The temperature during fermentation does not affect the extent of pH drop. However, it does indeed, affect the speed of the reaction of the culture with the glycogen (sugar in meat) and any added sugar. The pH drop is wholly dependent upon (a.) the type of sugar, and (b.) the amount of sugar. Although there are no strict rules governing fermentation temperature regarding time and relative humidity, there is a calculated table developed by someone a heck of a lot smarter than I am. And he probably doesn`t fall off his horse into the cacti either! Anyway, ol pard, it is called the "Degree-Hours Constant Temperature Fermentation Table". There is a copy of the table in Stan Marianski`s book, "The Art Of Making Fermented Sausages" on page 109. Stan points out that the table indicates the maximum amount of time (in hours) in which a product may be fermented, at a given "constant" temperature to drop the product to pH 5.3. Simple math is required to calculate the actual number of hours needed for any given temperature.
Ok, now figure this one out. Let`s say that Dave Zac inadvertently adds too much sugar to his favorite "fast" pepperoni recipe. What will happen? The pediococcus pentosaceus, or pediococcus acidilactici will have a feast and make one heck of a sour sausage unless Dave uses his head. Let`s say that Dave has fermented the sausage for 50 hours at 75°F. (24°C.), then suddenly realizes that he initially added too much sugar to the recipe. His recipe specifies 75 hours of fermenting. He`s already had the pepperoni in the fermentation chamber for 50 hours. What should he do?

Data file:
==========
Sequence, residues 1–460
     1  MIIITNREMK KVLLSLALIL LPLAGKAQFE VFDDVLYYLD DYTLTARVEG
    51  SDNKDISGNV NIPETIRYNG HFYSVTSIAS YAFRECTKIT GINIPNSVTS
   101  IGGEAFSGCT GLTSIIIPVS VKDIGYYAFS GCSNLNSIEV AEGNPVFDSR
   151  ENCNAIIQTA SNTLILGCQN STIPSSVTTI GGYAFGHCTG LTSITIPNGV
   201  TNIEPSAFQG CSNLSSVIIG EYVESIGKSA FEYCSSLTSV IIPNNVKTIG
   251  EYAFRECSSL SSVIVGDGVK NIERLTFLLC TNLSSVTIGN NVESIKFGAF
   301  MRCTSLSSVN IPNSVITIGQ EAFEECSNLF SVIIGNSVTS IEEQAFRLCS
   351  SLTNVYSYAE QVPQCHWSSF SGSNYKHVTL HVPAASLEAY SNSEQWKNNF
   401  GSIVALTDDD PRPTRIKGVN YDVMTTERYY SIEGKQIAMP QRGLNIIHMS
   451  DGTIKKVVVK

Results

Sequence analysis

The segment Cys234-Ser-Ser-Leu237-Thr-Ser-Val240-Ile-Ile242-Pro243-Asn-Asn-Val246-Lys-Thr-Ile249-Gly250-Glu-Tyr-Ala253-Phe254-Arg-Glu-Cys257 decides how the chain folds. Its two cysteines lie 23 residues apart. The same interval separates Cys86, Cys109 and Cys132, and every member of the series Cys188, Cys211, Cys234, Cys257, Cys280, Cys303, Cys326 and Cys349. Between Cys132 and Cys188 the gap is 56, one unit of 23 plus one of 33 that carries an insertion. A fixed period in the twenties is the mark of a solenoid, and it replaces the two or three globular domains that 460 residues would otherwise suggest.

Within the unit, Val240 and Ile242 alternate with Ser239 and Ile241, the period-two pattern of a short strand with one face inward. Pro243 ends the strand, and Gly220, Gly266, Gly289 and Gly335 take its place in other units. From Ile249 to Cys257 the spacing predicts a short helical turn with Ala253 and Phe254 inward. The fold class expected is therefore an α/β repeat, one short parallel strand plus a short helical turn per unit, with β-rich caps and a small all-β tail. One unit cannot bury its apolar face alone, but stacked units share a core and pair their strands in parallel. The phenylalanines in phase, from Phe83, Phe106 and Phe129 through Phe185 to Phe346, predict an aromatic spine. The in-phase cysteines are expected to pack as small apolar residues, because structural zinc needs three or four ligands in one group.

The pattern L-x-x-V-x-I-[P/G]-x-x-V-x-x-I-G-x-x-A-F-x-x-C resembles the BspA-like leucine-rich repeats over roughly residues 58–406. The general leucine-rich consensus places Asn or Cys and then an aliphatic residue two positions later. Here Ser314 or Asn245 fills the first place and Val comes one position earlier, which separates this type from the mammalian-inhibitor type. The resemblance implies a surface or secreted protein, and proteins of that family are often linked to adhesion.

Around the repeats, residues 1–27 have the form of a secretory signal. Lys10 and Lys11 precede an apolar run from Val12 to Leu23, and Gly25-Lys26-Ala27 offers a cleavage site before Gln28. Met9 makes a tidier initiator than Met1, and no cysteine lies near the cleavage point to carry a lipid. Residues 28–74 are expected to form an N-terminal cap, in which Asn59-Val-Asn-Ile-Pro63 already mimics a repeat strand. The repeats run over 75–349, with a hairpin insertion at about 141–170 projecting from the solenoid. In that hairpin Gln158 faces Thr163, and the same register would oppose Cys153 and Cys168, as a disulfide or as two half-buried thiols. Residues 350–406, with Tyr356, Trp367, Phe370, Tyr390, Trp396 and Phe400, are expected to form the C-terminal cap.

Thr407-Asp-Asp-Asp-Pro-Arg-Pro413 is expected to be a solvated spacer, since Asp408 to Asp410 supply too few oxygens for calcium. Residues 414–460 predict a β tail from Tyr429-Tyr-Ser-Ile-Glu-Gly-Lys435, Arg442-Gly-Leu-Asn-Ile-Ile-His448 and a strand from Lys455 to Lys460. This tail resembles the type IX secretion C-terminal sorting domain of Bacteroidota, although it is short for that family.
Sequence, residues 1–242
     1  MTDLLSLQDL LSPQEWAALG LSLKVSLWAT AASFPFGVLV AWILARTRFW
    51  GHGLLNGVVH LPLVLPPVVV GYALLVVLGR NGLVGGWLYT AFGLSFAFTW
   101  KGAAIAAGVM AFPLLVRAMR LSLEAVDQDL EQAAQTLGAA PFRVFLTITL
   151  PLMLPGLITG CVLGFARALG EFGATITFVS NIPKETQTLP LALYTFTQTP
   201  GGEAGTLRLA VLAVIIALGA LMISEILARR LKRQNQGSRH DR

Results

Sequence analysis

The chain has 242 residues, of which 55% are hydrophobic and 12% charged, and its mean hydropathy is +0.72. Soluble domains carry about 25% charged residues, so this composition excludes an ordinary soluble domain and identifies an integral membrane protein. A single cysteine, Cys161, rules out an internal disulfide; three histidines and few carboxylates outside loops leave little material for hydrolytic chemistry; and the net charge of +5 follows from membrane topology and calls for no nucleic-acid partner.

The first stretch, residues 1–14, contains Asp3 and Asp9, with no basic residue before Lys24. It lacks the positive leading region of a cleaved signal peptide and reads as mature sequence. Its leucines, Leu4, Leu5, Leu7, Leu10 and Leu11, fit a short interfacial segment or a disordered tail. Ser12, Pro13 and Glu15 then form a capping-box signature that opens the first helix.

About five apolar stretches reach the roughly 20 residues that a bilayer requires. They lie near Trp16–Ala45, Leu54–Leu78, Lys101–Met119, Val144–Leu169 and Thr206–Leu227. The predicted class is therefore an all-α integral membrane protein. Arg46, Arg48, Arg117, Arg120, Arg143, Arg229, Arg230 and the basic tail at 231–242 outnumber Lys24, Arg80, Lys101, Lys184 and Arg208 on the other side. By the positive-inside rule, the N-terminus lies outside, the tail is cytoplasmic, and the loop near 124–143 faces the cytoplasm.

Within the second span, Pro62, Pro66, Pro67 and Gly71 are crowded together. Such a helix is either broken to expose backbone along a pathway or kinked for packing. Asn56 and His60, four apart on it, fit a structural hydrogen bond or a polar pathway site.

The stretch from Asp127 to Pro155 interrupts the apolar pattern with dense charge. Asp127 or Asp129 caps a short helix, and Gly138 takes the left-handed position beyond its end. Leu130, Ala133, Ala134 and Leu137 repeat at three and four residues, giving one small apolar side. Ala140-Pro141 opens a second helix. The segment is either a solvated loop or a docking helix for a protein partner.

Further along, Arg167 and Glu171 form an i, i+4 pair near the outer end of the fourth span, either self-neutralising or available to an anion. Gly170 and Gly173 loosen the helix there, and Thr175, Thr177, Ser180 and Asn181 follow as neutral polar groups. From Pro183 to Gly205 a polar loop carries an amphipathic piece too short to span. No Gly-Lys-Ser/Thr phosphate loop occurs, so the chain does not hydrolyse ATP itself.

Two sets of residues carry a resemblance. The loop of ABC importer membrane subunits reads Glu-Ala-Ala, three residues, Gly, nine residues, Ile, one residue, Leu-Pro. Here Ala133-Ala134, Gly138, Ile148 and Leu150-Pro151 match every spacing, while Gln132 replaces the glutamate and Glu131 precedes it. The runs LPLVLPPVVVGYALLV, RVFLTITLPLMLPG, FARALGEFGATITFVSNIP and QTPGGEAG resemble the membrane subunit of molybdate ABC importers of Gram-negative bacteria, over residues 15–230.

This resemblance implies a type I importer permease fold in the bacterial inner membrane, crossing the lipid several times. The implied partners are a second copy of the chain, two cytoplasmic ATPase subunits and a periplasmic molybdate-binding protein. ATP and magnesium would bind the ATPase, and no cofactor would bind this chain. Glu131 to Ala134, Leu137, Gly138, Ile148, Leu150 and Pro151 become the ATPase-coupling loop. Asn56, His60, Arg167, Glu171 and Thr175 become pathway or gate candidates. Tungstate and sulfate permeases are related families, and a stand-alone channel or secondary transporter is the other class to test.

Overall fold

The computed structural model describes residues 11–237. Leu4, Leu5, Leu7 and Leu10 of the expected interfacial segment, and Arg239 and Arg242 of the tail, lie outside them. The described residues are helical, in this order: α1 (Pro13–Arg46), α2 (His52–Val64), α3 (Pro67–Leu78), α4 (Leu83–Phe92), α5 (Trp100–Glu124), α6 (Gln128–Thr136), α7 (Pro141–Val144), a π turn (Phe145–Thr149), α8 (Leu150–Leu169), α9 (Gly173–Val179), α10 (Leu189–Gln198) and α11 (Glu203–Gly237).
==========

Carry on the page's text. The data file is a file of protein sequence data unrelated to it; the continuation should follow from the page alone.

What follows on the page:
a. give up and throw out the sausage?
b. move to another state because he`s embarrassed?
c. add water vapor to the chamber?
d. lower the temperature of the fermenting chamber?
e. slice open the sausage and rinse it out?
f. curse Chuckwagon for bringing the subject up in the first place?
The answer is (d), lower the temperature of the fermenting chamber. Why? If the 75° temperature continues, the pediococci will continue to drop the pH, even though it has already possibly reached the target drop of pH 5.3. You must understand that fermentation will continue until the lactobacilli exhausts the sugar supply or the moisture dries sufficiently to stop the bacterial growth at less than (<) 0.95 UNLESS we discontinue the fermentation. How do you do that? By dropping the temperature of course... to a point where pediococcus pentosaceus, or pediococcus acidilactici no longer thrive.
What about the remaining sugar in the sausage? Well, it contributes to the color and the flavor of the sausage by somewhat offsetting the acidic "tang". Pretty neat eh? Oh, by the way - this does not work with glucono delta lactone (Gdl) and will only slow down the fermentation. This is just one more good reason not to use another added chemical. Gdl is used by commercial suppliers to drop the pH quickly in order to pass FSIS requirements then to get their product onto the grocer`s shelves as soon as possible. They don`t care about quality and flavor... they care about profit!
Because there is insufficient time for the flavor-forming staphylococcus and micrococcus to work in "fast-fermented" sausages, these quickly fermented products will always generate a sour or "tangy" flavor. Oh yes, I almost forgot to tell you something. I noticed that during our "Project A", no one brought up the subject of smoking the salami rather than creating mold. It should be noted that smoking is never done during fermentation as it restrains beneficial bacteria. If smoked flavor is desired in a fermented sausage, cold smoke may be applied but only following the fermentation period.
Dave, you wrote:
Exactly, my friend! Fermentation is actually, "spoiling meat on purpose", BUT... using knowledge and understanding to CONTROL the process and make it safe.Heat PLUS carbohydrates PLUS humidity must all be a part of the proper recipe...true?